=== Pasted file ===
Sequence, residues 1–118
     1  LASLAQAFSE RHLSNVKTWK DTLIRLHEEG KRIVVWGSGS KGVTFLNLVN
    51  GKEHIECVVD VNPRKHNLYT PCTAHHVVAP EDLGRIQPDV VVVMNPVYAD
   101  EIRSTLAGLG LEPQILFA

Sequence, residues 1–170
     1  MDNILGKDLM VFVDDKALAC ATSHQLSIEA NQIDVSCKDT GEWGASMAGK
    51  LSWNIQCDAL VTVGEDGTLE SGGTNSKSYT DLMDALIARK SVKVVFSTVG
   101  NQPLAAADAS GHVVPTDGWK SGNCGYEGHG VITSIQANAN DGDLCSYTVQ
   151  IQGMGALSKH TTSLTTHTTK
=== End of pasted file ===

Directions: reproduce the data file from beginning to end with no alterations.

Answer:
Sequence, residues 1–118
     1  LASLAQAFSE RHLSNVKTWK DTLIRLHEEG KRIVVWGSGS KGVTFLNLVN
    51  GKEHIECVVD VNPRKHNLYT PCTAHHVVAP EDLGRIQPDV VVVMNPVYAD
   101  EIRSTLAGLG LEPQILFA

Sequence, residues 1–170
     1  MDNILGKDLM VFVDDKALAC ATSHQLSIEA NQIDVSCKDT GEWGASMAGK
    51  LSWNIQCDAL VTVGEDGTLE SGGTNSKSYT DLMDALIARK SVKVVFSTVG
   101  NQPLAAADAS GHVVPTDGWK SGNCGYEGHG VITSIQANAN DGDLCSYTVQ
   151  IQGMGALSKH TTSLTTHTTK